While exploring Iani Grtueri Pericula, I have been lucky enough to have a digitized copy to study in times that I cannot make it to the Boston Public Library. Previously I have thought that this digitized copy was merely only something convenient for my studies, but after this week of discussing the digitalization of print, I began to look at my digitized copy in a new light. Rather than it being a surrogate, this digitized copy is an extension that can provide further information on my book. What does this digitized copy offer that studying the material in person may not?
There are positives and negatives to the digitization of early modern works. “One of the first things that people focus on is the amazing access to early modern works that digital tools have given us “(Werner). While this in itself is amazing one leads to wonder though what is missing in the digitized copy in reference to anything other than the text. The materiality of the book is something that is difficult to ascertain from the scanned copy of my book. The first thing being chain lines and paper quality. Although the scanned copy offers every page within the book, the quality of paper is felt and studied. From my in person investigation, I was able to discover that my book had hand-made paper by finding the chain lines with a flashlight, but also that the first two pages and last two pages belonged to a different piece of paper. While all the middle pages have chain lines that are vertical down the page, the first and last two pages of the book have horizontal chain lines. The quality of those four pages are also much thicker than the other pages and are the only pages that have a watermark. It is important to keep in mind these four pages have no printed words on them and only have handwritten ownership marks.
From being able to touch and feel my book, I was able to discover that this book’s binding had been repaired, and I believe that those four pages were added when the binding was fixed. The watermark itself is cutoff and in the top left hand corner of the page. From what I can ascertain from the partial image it appears that there is roman numerals xvi, a star, and wings that look like they are part of an angel. After some research, which came from digitized copies of pages, I was able to figure out that this watermark appears similar to those that were used in Italy during the 16th century, but without the whole image it is difficult to fully grasp this watermarks history. These are all qualities that could only be found by studying the book in person, but this may say more about the quality of my digitized copy instead of digitization itself.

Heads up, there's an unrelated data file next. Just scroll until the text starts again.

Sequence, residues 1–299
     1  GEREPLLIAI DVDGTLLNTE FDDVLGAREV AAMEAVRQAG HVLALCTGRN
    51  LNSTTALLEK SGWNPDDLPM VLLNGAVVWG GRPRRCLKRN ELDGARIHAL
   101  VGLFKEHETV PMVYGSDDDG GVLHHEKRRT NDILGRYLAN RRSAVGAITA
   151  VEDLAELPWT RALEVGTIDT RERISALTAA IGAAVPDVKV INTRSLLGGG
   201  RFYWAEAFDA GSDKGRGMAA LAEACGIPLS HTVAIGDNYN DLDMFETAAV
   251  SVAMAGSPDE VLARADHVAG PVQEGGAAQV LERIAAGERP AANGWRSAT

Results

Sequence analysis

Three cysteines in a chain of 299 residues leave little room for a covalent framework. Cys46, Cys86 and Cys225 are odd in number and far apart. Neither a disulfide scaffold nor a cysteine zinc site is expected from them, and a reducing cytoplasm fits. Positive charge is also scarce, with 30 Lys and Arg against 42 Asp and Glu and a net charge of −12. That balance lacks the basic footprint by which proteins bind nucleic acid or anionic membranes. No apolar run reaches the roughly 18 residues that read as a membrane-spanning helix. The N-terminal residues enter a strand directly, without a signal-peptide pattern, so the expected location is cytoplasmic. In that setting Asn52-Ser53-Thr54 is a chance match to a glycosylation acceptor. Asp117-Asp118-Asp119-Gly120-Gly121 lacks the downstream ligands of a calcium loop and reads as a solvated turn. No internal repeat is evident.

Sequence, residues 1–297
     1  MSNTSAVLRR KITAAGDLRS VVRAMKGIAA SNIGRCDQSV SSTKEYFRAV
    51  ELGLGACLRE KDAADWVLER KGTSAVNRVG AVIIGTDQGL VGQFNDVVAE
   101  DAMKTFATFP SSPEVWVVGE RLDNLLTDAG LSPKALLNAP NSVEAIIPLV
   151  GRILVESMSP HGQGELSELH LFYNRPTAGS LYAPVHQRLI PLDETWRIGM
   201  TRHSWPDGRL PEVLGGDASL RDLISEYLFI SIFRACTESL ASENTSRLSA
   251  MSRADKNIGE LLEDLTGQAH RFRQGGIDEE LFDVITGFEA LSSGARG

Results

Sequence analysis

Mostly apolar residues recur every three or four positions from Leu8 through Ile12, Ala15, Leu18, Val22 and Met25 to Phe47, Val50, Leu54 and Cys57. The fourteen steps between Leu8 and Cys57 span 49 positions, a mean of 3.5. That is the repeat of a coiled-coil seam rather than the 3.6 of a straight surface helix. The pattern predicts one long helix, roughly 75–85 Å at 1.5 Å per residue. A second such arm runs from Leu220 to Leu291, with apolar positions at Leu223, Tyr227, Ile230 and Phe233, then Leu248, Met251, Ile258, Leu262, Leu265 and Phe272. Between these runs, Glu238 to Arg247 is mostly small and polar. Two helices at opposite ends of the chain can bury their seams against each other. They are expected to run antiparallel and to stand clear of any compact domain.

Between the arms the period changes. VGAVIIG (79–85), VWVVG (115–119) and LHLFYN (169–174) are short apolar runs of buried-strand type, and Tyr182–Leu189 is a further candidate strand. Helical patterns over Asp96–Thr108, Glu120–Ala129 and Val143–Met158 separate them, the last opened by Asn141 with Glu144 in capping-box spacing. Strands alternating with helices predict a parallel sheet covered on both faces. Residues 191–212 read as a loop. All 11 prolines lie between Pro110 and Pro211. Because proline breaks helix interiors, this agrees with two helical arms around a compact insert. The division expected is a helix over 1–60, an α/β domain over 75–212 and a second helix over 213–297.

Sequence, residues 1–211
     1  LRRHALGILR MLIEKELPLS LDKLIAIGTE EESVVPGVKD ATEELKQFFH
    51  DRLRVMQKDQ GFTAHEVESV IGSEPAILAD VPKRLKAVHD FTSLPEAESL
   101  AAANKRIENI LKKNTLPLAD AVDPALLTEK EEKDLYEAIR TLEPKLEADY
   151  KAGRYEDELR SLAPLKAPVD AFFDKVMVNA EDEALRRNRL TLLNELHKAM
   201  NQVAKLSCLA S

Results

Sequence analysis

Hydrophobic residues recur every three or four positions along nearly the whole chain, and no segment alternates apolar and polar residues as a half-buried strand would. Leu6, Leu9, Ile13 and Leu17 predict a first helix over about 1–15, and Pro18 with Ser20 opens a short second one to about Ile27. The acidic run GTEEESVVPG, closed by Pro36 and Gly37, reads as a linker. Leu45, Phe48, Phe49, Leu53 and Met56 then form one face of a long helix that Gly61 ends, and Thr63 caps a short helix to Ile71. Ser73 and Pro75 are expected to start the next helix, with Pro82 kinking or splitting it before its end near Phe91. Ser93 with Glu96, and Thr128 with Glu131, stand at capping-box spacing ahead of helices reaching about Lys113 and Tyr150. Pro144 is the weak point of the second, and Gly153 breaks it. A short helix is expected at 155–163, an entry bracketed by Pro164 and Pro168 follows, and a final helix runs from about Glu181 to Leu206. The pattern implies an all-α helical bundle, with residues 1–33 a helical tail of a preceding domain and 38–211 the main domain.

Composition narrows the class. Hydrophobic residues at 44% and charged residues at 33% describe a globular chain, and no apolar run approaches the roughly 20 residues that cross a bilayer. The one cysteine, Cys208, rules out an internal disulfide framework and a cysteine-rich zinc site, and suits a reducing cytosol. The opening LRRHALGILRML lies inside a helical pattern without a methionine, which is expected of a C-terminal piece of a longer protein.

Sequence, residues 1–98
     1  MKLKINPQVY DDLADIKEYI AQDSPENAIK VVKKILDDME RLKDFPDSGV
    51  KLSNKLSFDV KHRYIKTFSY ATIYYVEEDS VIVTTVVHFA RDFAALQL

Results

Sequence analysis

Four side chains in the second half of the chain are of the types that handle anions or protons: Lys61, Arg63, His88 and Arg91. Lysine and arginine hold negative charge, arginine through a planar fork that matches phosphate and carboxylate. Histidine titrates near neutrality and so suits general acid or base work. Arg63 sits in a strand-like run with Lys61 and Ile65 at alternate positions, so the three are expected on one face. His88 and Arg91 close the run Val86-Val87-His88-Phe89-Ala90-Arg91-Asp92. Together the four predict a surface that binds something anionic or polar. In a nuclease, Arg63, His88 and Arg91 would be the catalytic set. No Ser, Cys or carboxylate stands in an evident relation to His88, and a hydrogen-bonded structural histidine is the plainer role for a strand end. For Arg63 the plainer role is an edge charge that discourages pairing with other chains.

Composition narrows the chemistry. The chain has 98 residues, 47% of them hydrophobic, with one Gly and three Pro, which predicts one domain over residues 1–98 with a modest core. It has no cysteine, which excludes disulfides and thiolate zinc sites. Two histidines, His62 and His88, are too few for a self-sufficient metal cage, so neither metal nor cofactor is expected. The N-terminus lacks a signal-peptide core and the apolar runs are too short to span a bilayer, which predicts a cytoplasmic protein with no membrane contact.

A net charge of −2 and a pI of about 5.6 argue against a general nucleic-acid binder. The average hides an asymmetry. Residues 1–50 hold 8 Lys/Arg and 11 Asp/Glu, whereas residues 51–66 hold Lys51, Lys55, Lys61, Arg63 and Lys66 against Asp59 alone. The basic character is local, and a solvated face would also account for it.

The current trend “has resulted in digital methods in which the source text retains a distinct existence within the electronic edition, rather than being consumed and ultimately effaced by the editing process”(Flanders). While my digitized copy could have been improved by adding details about the paper and scanned photos of the partial watermarks, it still does its best to represent the original source text by being a scanned copy. With this comes some positives and some negatives. While I am unable to search the document using keywords, I am still able to ascertain the way this book was originally formatted. Because these are simple scanned copies of the pages, what is still present within the book are the catchwords, the signatures, and the original state of the page numbers. From these markers and the chain lines, I can ascertain my book is folio and has pretty standard signatures according to Gaskell. They are every four pages and located on the recto side, while the catchwords on the verso side. The pattern they follow, which can be seen in the digitized copy and in person copy, is B, By, Biy, Biiy. The changing letter is of course the capital and goes until the letter N. The upper hand the digital copy has though is the notes included about the signatures that come with my copy. Rather than having to go through the whole entire book looking for irregularities in signatures, my digitized copy has a note letting me know that L4, a3, and b2 are missigined for M4, N3, and O2.
This is work that could have taken hours to figure out, but with external information being provided, I am able to gain better understanding of my book. One thing that many tend to forget about digitized copies is “ the chain of human labor that led to their present existence” (Cordell 39). A librarian at the Boston Public library catalogued those signatures and made sure that note was included. This is something that I could not find out, without a considerable amount of effort, in person. Another upside to this digitized copy is the cataloguing of the former owners within this book. Instead of doing painstaking hours of research and guessing on which John Mitford owned this novel, the digitized copies provide links to other works featuring this person and led me to find the author. This digitized copy has not only given me information on its format, but on other parts of materiality that we often only found in person. It made the research more efficient and offers another layer to my pet book, rather than a surrogate.